In the latter filing, the plaintiffs — including Duke football player Dewayne Carter, TCU basketball player Sedona Prince and Stanford soccer player Nya Harrison — are asking a judge to bar the NCAA from enforcing any rules that prohibit athlete compensation.

"The House case is already seeking a broadcast sharing with the student-athletes with respect to the value of their NIL," said Jeffrey Kessler, a plaintiffs' attorney and a veteran of lawsuits against the NCAA. "This case would also allow student-athletes, if we're successful, to get broadcast revenues for their performance."

  photo  AP photo by Charlie Riedel / TCU basketball player Sedona Prince is among the plaintiffs in a federal antitrust lawsuit against the NCAA.

The NCAA is a long way from acting on any of Baker's proposals and continues to lobby Congress for federal laws that it hopes would protect it from antitrust claims. Former University of Texas swimmer Julie Sommer, an attorney with the Drake Group — a college athletics watchdog — said Baker's letter doesn't halt pending legal cases "but could provide a pathway toward settlement."

"The NCAA needed to make a move — especially since they've been looking to Congress, but Congress has been looking to the NCAA to make a move first," Summer said. "This was their big move."

Even if the NCAA moves ahead with some of the proposals — Baker said the $30,000-plus payments by schools would come "within the framework of Title IX" — equity concerns could lead to more disputes along the way. Just last week, 32 female athletes sued the University of Oregon alleging the school is violating Title IX by "depriving women of equal treatment and benefits, equal athletic aid, and equal opportunities to participate in varsity intercollegiate athletics."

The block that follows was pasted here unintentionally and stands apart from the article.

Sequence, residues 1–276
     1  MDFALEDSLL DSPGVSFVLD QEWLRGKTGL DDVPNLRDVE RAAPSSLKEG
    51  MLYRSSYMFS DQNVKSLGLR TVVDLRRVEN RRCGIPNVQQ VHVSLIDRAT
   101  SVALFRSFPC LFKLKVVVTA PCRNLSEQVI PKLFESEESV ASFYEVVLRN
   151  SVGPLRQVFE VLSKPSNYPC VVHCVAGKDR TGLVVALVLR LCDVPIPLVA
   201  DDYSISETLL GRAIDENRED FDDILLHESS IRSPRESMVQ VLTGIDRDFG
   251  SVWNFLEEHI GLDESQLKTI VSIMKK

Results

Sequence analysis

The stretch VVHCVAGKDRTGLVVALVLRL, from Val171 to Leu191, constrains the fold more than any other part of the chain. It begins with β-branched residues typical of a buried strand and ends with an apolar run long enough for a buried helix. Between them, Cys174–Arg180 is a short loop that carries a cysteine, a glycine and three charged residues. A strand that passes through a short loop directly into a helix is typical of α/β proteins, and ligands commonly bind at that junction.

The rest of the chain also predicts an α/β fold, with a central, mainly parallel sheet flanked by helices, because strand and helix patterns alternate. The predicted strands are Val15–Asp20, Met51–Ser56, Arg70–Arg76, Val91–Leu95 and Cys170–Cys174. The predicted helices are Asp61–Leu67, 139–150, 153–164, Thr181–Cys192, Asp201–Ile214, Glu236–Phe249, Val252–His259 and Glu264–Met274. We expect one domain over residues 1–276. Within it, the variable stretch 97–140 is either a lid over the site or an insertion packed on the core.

"Gender equity is going to be an issue for every institution in this new framework," Sommer said, "as most of them are out of compliance already."

Feldman said it has often taken legal threats to push the NCAA toward change.

"The NCAA is slow to make changes unless they are forced to make it by the threat of litigation," the Tulane professor explained. "This is also clearly, at least in part, a legal decision to respond to all of the antitrust threats that currently exist and also all the possible future antitrust threats."

Kessler and fellow attorney Steve Berman are coming off one of the most significant victories against the NCAA in recent years, the Alston case over education-related benefits for athletes that was upheld by the U.S. Supreme Court and has thrown open the door for more challenges. Both were asked about Baker's proposal.

"The NCAA, whatever they've said this week, would not satisfy us because they're still trying to erect a set of restraints that they want to live with," Berman said. "And rather than letting the free market decide what student-athletes are worth either for their name, image and likeness or for their performance, we believe there should be no restraints."

Said Kessler: "What the proposal for Baker does do is that we think it's an admission that the current rules — which don't allow any payments to the athletes or any sharing at all — it's an admission that those are, A, not needed, and B, are not lawful. ... We think this proposal for Baker is actually going to be important in our lawsuit to help prove that the current rules are unlawful."